While my blog parade #borrowedmemories is still open for new entries until the 31st August I was wondering what to write here in meantime. Last week I took a break from writing a new post because I am working on my portfolio page.
Your custom portrait
Since my childhood days I draw portraits on commission. Though I learnt drawing with a living model during my studies I usually work with reference photos for my custom portraits. This is because most of the time I am asked to draw for another person as a gift – like the portraits of my Paw prints on your heart post.
So as most of my commissions are meant to be a surprise it is often difficult to find the right reference picture. As it is hard to get a proper photo of a black animal it is even more hard to draw according to these photos. Some artists even refuse commissions with poor quality reference photos. But I love the challenge in these commissions. And in the end a blurred photo sometimes gets the best drawing result.
Therefore if you want to order your commission just ask – here or on my etsy shop (you will get 10% of with CUSTOM2017 until 4th September 2017). I will help you with choosing the right or the best reference for your drawing. You also can send me a choise of pictures and I will have a look at them. So here are some general tips to find the right picture.
The more detailed the photo – the more detailed the drawing
Look at these two drawings I made a few years ago – same little model so the difference is clearly visible. The first reference photo was taken in a mobile photo studio. And the flashlight made no natural lightening. So the second one was taken by a friend of mine in a wood while playing with the child. So not only the light but also the smile is more natural.
8 things about a good reference photo
the more, the better. A living drawing shows a lot of interessting details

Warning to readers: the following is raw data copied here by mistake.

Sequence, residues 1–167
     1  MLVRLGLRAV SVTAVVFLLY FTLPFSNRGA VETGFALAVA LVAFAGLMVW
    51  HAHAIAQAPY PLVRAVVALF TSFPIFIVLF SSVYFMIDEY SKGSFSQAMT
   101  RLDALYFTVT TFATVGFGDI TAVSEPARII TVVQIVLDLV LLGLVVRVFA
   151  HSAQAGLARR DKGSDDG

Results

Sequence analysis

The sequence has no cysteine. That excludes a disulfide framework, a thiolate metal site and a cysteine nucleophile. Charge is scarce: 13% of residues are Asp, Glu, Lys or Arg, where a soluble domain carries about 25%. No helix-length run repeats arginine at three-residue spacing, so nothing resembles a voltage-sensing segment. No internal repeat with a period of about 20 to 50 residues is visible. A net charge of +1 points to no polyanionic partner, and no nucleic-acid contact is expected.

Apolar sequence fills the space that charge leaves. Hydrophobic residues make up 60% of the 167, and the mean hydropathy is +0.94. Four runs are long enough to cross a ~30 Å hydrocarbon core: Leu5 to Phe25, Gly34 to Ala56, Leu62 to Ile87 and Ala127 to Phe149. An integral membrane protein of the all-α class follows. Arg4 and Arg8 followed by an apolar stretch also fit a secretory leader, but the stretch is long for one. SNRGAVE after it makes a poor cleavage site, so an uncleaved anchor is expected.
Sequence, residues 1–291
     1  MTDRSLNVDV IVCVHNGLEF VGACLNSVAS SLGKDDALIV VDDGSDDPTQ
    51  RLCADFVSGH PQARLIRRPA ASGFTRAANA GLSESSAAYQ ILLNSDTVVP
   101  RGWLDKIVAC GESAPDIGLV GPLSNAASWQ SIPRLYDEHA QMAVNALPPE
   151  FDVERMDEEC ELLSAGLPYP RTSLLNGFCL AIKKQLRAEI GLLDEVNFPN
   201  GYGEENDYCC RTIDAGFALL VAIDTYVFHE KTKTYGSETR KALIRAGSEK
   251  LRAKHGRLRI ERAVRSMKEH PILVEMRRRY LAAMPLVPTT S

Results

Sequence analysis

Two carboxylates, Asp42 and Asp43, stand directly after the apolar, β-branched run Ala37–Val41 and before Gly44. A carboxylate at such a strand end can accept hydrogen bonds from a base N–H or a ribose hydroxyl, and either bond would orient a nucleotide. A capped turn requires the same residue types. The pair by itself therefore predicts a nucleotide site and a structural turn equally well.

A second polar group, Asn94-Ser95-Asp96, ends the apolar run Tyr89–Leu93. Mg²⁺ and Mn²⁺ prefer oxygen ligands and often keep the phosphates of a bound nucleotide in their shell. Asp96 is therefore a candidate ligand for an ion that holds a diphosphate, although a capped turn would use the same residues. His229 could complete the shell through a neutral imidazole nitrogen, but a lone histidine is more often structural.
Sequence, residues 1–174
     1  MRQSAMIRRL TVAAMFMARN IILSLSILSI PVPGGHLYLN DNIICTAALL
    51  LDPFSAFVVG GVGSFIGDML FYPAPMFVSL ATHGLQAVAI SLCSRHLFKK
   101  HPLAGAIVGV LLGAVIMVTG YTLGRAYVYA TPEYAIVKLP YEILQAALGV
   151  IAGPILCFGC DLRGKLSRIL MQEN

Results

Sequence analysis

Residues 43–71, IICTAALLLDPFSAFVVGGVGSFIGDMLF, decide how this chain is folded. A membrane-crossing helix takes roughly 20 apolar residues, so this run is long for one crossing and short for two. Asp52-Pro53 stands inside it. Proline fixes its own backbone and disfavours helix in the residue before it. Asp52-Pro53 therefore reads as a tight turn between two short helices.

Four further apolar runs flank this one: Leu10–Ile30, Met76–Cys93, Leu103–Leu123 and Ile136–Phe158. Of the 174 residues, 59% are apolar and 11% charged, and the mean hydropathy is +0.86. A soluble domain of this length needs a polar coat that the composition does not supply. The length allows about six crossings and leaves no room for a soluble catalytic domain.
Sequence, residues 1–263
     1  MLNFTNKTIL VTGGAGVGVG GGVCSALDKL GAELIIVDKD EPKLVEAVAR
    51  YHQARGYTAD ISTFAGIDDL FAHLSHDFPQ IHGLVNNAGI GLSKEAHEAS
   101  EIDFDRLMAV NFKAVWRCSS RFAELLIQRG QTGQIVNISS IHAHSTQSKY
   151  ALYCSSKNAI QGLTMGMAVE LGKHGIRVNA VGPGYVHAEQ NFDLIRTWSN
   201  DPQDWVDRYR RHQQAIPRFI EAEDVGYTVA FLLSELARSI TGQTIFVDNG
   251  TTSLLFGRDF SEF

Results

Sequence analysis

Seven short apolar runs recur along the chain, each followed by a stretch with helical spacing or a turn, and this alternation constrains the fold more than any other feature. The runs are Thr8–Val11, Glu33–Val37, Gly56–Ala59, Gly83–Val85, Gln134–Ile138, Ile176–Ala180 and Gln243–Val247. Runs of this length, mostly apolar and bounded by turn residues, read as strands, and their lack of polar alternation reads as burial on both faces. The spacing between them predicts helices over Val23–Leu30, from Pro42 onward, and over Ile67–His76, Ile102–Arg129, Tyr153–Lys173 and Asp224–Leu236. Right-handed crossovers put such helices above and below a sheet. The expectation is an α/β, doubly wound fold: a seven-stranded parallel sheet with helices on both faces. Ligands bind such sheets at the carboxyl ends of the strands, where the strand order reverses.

over- or underexposure destroy details and make the image look flat. The drawing looks more vivid with a natural shadowing.
careful use of flashlight
(indirect) flashlight can make beautiful reflection in the eyes but also can make the face look pale or create unnatrual shadows. If you are not sure, take one picture with and one without flashlight.
either open (best with those beautiful reflections) or closed. First will give the drawing a vivid optic while closed eyes may look dreamy or melancholic. But please no pictures with narrowed eyes and artificial smiles..
we all love those beautiful instagram filter options. They look good on a small mobile screen – but they are not good for making a good detailed drawing. If you do not have another picture without filter Photoshop will help – but this needs additional work. So whenever possible please choose a photo without filters applied.
The portrayed face
should be big enough. Of course Photoshop will help scaling but with a small resolution this may result in losing details.
For a natural vivid drawing choose a picture which shows the character of the portrayed person. Otherwise the result may look like a drawn application photo.
Important for children or animals – please take the picture on eye level. Otherwise there will be shortenings and reductions which can look strange both in the reference photo and later in the drawing. A bird’s perspective can be interesting but most of the times professional photographers use ladders and special objective lenses for these pictures. If you have no other photo I often change the selection and draw a smaller part of the picure (for example just the head instead of the whole body).
What do you think – did I miss something in the list above? Is this list helpful? Did you ever order a commission of any artists and did you get good advice before ordering?